both his kingdom and his life together that very night. In
chap. vi. Darius king of the Medes, and the conqueror and
successor of Belshazzar, in order to punish Daniel for praying
to his own God in defiance of the king's prohibition, causes
him to be cast into a den of lions, where however he does
not sustain the slightest injury. The result of this is that


Darius comes to see his own folly, and issues a decree to the
effect that Daniel's God is to be worshipped throughout the
whole kingdom. It is no less obvious that a hortatory
purpose pervades the last four of those narratives (iii.-vi.) as
well, while, at tlie same time, the contemporary historical
background is also plainly discernible. By the three kiugs
we are in every instance to understand Antiochus Epiphanes
as being the person meant, who, with impious arrogance,
assumed such lofty airs (iv.), who carried off the sacred vessels
from the temple at Jerusalem (v.), who forbade the Jews to
worship their own God (vi.), and commanded them to pay
divine honour to the gods of the Gentiles (iii.). We are
shown how, as a judgment for his misdeeds, he is given over
to destruction, and how, on the other hand, the Jews whom
he persecuted are miraculously delivered. While therefore
all those narratives are meant to stimulate to unfailing sted-
fastness the faithful people whom Antiochus was persecuting,
we are introduced in the second part of the book (vii.-xii.) to
a series of visions in which, from the standpoint of the
Chaldaean period, the future development of the events of the
world is foretold. The whole of the visions agree in tliis,
that the monarchy which they foretell as being the last is the
Greek one, which ultimately resolves itself into the godless
rule of Antiochus Epiphanes, who, though not mentioned by
name, is plainly enough indicated. We have above all in the
last vision (from x. to xii.) a prediction of a highly detailed
character, in which are foretold the history of the kingdoms
of the Ptolemies and the Seleucidae respectively (for it is
these that are meant by the kingdom of the south and the
kingdom of the north), and their manifold relations to one
another. Here the most remarkable thing is that the pre-
diction becomes more and more minute and detailed the
nearer it approaches to the time of Antiochus Epiphanes.
Precisely the history of this monarch is here related with the
utmost minuteness, without his name being once mentioned
(xi. 21 sqq.). It is still the suppression of the Jewish worship.


the desecration of the temple, and the erection of the heathen
altar for sacrifice, as well as the commencement of the
Maccahaean insurrection (xi. 32— 3 5), that are predicted. But
at this point the predictions suddenly stop, and the author
now cherishes the expectation that, immediately after the
struggles connected with the rising in question, the consum-
mation will come and the kingdom of God begin to appear.
Xor is it merely in the eleventh chapter that the predictions
stop at this period, but in no other part of the book does the
horizon of the author ever stretch beyond it, not even in the
visions of the iuur monarchies (ii. and vii.). For the fourth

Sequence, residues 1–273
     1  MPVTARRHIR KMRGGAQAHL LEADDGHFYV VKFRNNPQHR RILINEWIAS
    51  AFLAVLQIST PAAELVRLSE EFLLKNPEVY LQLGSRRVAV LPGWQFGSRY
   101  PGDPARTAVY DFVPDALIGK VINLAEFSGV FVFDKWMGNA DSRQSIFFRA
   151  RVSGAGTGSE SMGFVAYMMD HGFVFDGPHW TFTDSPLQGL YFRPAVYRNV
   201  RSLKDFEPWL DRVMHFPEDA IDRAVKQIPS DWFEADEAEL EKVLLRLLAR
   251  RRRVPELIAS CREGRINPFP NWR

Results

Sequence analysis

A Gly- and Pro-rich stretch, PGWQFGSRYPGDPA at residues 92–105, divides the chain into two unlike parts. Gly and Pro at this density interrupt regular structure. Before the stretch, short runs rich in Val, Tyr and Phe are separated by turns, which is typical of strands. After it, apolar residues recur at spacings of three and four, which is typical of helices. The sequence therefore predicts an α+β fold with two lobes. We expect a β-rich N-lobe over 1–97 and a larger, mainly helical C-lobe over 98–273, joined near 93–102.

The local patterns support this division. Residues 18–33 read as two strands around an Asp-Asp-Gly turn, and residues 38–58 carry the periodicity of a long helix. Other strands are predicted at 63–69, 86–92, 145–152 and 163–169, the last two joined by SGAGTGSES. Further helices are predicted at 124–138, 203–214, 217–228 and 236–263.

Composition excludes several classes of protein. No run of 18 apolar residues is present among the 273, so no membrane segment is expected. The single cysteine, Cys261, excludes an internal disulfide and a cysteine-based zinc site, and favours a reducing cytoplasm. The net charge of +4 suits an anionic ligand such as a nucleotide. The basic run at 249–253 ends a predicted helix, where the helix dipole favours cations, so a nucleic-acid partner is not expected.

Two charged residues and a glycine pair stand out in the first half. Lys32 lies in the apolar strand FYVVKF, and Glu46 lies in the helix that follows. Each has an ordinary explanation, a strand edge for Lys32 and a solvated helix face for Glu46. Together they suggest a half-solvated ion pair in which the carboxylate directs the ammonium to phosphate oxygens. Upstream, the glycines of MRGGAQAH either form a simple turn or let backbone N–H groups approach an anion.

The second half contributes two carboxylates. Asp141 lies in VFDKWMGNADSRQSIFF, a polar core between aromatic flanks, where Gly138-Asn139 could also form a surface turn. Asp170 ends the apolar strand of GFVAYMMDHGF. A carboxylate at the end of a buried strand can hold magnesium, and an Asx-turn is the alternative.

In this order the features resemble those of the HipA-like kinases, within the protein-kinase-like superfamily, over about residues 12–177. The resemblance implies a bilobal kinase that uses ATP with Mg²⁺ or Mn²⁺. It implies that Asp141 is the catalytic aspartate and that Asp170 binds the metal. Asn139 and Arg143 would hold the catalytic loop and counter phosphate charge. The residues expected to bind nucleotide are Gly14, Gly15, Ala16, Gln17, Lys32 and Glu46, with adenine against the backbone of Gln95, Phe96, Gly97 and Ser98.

is not the Eonian Empire, but the Greek monarchy, as any one
who candidly considers the matter will readily admit (the
first being the Babylonian, the second that of the Medes, the
third the Persian, and the fourth the Greek). In presence of
these facts it is admitted by all the expusitors of the present
day — by all, tliat is, who are not hampered by dogmatic pre-
dilections — that our book was composed at the time of the
Maccahaean rising, or, to speak more precisely, between 1G7
and 1G5 B.C., tliat is to say before the re-consecrating of the
temple, for as yet this latter event lies beyond the horizon of
the author. It is only as viewed in the light of this period
that the book can be said to have either sense or meaning.
From beginning to end it is framed with the view of exer-
cising a practical influence precisely in such a time as this.
With its various narratives and re>velations it seeks, on the
one hand, to encourage the hosts of faithful Israelites to
maintain a stedfast adherence to the law, and, on the other,
to console them with the certain prospect of immediate
deliverance. It is even at this very moment — such is the
author's thought — when the distress is at its height, that the
deliverance is also nearest at hand. The days of the Gentile
monarchies are drawing to a close. The last and, at the
same time, the most godless and criminal of them all, is on
the point of being annihilated through the impending miracu-
lous breaking in on the part of God upon tlie current of the


world's history, Avliereupon the sovereignty of the world will
be committed to the " saints of the Most High," the faithful
Israelites, They will inherit the kingdom and possess it for
ever and ever. That is what those who are just now so
sorely oppressed and persecuted are to bear iu mind for their
comfort and encouragement.

The book was composed partly in Hebrew and partly in
Aramaic (Chaldee), the Aramaic portion being that extending
from ii. 4 to vii. 28. And so from this we can see that it was
just tlien that the Aramaic came to be the prevailing dialect
of Palestine, while the Hebrew fell more and more into
desuetude. In the course of two centuries after this, viz. iu
the time of Jesus Christ, we find that'the process, which at
this point is thus beginning, has been already fully completed
(see Div. ii. vol. i. p. 9).

The high estimation in which from the first this book was held by
bt'Heving Israelites is best shown by the fact that it always continued to
retain its place in the canon. Even that somewhat older work, the Wisdom
of Jesus the Son of Sirach, was ultimately excluded from the Hebrew canon,
and that, although in point of form and contents it approximates more
closely to the early Hebrew literature than the Book of Daniel. Obviously
the reason of both those facts is this, that the work of Jesus the son of